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Influence of Engineering, Technology, and Science on Society and the Natural World

How do science, engineering, and the technologies that result from them affect the ways in which people live? How do they affect the natural world?

From the earliest forms of agriculture to the latest technologies, all human activity has drawn on natural resources and has had both short- and long-term consequences, positive as well as negative, for the health of both people and the natural environment. These consequences have grown stronger in recent human history. Society has changed dramatically, and human populations and longevity have increased, as advances in science and engineering have influenced the ways in which people interact with one another and with their surrounding natural environment.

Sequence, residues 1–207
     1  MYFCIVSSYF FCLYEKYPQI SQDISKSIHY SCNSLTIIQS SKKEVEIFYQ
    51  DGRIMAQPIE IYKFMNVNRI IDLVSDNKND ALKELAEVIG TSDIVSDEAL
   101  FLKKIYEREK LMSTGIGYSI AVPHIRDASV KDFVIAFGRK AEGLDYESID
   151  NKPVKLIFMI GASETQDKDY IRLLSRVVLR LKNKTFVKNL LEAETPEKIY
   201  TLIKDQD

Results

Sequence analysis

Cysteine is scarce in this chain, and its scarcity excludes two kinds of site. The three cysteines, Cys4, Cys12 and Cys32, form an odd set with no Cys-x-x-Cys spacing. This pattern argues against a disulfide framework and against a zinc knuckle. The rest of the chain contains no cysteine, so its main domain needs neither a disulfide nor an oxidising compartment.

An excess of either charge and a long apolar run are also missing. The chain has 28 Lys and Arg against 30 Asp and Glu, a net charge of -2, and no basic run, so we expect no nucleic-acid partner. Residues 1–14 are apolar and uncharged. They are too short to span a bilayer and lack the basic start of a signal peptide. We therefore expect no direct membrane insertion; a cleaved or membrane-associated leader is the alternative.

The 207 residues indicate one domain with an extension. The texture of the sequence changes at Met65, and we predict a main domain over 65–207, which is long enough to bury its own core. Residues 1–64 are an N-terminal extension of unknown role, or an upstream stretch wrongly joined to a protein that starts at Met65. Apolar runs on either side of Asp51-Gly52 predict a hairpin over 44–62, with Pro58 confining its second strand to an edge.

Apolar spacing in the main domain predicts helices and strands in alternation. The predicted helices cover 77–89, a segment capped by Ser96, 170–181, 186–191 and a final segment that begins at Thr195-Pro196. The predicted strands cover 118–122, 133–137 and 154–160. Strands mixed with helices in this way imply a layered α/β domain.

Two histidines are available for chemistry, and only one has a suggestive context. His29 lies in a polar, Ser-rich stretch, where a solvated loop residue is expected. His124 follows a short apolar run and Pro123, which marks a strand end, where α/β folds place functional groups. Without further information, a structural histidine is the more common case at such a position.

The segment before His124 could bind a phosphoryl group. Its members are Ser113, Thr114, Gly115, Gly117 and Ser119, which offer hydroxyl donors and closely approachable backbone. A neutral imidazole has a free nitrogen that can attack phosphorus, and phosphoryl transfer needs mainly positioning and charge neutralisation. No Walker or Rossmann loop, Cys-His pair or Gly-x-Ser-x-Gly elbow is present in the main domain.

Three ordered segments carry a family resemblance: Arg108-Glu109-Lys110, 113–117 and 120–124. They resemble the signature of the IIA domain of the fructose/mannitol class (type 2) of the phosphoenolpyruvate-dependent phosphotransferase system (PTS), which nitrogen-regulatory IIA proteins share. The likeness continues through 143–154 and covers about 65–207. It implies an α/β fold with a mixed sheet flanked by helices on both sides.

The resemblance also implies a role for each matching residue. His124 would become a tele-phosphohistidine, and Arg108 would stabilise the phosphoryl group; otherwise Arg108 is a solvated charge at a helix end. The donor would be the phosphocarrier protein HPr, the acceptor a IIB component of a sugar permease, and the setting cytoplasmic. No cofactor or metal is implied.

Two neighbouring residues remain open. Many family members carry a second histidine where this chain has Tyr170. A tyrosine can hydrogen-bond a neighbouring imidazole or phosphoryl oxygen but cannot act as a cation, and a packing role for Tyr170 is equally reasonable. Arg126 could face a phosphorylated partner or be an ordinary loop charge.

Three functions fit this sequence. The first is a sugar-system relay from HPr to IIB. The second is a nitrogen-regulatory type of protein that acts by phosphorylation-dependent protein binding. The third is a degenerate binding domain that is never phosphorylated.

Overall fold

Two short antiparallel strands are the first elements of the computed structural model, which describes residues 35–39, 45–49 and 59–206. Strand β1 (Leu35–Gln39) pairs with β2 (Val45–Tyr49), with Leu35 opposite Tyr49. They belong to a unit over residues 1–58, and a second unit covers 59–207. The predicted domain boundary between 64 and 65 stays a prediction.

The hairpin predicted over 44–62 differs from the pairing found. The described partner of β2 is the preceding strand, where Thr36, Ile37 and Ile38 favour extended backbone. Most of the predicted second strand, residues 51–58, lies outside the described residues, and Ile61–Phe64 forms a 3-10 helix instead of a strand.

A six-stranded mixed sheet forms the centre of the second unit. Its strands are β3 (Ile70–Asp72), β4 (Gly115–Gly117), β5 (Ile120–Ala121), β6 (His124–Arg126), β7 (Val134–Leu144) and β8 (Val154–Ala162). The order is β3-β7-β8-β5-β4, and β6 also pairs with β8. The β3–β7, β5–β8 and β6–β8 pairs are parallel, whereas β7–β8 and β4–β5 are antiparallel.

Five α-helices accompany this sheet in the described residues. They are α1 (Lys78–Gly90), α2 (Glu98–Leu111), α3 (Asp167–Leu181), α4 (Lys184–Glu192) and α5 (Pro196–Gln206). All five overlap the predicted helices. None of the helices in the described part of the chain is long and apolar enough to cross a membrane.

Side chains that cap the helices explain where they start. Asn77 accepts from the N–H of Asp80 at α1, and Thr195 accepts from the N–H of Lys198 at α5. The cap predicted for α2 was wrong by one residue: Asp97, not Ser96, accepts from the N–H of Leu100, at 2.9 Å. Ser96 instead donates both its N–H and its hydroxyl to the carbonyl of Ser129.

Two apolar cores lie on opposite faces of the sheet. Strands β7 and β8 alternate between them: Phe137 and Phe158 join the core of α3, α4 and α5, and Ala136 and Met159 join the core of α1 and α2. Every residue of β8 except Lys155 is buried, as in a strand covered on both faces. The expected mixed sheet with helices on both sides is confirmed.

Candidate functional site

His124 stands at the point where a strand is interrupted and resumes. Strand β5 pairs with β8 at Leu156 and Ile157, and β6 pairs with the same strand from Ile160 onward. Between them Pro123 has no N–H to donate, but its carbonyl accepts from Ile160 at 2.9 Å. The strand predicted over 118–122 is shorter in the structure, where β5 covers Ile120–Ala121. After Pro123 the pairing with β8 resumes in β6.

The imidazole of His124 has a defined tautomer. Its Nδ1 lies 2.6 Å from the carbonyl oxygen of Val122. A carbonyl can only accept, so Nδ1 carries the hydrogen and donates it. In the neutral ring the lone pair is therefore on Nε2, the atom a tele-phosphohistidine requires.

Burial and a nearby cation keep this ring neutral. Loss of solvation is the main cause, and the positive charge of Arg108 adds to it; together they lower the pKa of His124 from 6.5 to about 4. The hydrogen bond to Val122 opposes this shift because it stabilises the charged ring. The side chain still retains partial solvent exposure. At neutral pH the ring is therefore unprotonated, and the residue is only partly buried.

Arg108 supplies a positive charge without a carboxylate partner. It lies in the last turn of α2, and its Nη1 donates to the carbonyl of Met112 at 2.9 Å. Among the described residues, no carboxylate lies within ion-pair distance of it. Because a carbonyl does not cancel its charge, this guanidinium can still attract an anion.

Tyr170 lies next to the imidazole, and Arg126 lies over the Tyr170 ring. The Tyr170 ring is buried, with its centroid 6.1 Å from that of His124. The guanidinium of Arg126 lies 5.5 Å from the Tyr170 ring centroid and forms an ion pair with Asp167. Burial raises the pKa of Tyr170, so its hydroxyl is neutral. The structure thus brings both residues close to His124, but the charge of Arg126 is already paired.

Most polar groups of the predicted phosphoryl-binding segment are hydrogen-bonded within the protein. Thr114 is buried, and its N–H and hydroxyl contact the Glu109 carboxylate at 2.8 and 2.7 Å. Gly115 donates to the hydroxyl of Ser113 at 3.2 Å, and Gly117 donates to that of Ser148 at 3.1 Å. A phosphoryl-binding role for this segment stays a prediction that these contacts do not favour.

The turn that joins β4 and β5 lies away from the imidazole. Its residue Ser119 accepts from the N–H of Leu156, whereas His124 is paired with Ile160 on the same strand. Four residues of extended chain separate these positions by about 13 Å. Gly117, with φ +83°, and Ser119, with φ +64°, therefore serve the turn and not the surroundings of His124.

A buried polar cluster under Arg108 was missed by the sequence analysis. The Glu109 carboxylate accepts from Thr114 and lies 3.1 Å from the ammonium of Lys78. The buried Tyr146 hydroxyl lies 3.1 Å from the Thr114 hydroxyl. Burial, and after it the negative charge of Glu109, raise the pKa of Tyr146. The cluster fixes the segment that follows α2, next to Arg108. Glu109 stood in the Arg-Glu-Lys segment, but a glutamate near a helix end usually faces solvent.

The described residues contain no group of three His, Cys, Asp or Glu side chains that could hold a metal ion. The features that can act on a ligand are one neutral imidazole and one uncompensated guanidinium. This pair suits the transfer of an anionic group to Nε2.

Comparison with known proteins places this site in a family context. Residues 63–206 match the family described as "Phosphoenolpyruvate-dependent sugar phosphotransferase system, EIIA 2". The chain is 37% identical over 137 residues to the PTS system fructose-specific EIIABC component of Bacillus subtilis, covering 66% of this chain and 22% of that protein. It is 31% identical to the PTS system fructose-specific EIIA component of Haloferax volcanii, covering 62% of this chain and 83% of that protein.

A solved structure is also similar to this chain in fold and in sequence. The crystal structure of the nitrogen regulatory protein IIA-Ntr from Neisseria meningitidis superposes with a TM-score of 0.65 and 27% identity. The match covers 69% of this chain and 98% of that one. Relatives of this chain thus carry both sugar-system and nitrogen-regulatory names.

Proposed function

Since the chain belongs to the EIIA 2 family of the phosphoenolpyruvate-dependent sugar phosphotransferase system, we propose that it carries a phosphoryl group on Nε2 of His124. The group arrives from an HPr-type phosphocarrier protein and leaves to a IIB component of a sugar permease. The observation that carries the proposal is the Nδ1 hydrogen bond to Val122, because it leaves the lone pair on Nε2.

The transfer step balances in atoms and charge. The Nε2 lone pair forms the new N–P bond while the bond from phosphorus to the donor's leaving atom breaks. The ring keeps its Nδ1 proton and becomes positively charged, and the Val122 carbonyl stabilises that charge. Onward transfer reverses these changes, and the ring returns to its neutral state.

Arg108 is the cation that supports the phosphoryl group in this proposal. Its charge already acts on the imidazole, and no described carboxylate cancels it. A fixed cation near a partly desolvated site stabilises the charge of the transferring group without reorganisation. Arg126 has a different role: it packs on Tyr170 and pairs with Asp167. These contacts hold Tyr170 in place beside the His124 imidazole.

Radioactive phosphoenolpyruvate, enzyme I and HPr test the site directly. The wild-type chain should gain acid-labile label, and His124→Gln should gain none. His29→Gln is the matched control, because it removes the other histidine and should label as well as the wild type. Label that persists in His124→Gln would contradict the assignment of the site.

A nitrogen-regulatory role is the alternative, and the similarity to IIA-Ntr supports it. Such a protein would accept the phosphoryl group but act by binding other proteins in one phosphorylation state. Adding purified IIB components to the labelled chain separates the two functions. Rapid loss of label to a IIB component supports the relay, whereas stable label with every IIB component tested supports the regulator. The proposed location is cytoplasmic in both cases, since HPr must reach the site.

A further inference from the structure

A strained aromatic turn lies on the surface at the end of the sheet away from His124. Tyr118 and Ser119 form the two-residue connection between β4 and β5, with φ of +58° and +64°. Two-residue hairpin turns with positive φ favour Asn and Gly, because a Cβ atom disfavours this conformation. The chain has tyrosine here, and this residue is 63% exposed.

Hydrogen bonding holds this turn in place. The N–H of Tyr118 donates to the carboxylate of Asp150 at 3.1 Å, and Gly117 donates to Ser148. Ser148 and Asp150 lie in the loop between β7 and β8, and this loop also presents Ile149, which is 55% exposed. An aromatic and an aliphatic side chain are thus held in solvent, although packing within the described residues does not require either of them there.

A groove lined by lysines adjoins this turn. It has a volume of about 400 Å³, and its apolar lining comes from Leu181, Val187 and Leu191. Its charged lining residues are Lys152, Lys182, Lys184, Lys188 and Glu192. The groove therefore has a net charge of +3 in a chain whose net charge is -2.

Science and engineering affect diverse domains—agriculture, medicine, housing, transportation, energy production, water availability, and land use, among others. The results often entail deep impacts on society and the environment, including some that may not have been anticipated when they were introduced or that may build up over time to levels that require attention. Decisions about the use of any new technology thus involve a balancing of costs, benefits, and risks—aided, at times, by science and engineering. Mathematical modeling, for example, can help provide insight into the consequences of actions beyond the scale of place, time, or system complexity that individual human judgments can readily encompass, thereby informing both personal and societal decision making.

Human populations and longevity have increased, as advances in science and engineering have influenced the ways in which people interact with one another and with their surrounding natural environment.

Not only do science and engineering affect society, but society’s decisions (whether made through market forces or political processes) influence the work of scientists and engineers. These decisions sometimes establish goals and priorities for improving or replacing technologies; at other times they set limits, such as in regulating the extraction of raw materials or in setting allowable levels of pollution from mining, farming, and industry. (p. 212-213)

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